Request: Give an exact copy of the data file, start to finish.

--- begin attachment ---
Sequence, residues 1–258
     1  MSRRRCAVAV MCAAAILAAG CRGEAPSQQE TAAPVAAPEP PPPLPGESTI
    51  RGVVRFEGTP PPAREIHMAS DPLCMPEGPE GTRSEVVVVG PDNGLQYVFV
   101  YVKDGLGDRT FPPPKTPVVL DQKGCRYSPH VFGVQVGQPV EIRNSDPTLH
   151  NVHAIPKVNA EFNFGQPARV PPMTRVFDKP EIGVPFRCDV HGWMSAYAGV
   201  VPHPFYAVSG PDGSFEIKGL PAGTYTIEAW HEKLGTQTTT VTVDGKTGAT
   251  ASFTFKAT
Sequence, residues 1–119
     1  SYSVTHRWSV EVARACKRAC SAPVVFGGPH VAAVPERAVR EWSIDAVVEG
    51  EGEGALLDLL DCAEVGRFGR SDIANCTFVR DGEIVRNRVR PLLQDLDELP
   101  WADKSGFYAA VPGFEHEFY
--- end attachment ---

Sequence, residues 1–258
     1  MSRRRCAVAV MCAAAILAAG CRGEAPSQQE TAAPVAAPEP PPPLPGESTI
    51  RGVVRFEGTP PPAREIHMAS DPLCMPEGPE GTRSEVVVVG PDNGLQYVFV
   101  YVKDGLGDRT FPPPKTPVVL DQKGCRYSPH VFGVQVGQPV EIRNSDPTLH
   151  NVHAIPKVNA EFNFGQPARV PPMTRVFDKP EIGVPFRCDV HGWMSAYAGV
   201  VPHPFYAVSG PDGSFEIKGL PAGTYTIEAW HEKLGTQTTT VTVDGKTGAT
   251  ASFTFKAT
Sequence, residues 1–119
     1  SYSVTHRWSV EVARACKRAC SAPVVFGGPH VAAVPERAVR EWSIDAVVEG
    51  EGEGALLDLL DCAEVGRFGR SDIANCTFVR DGEIVRNRVR PLLQDLDELP
   101  WADKSGFYAA VPGFEHEFY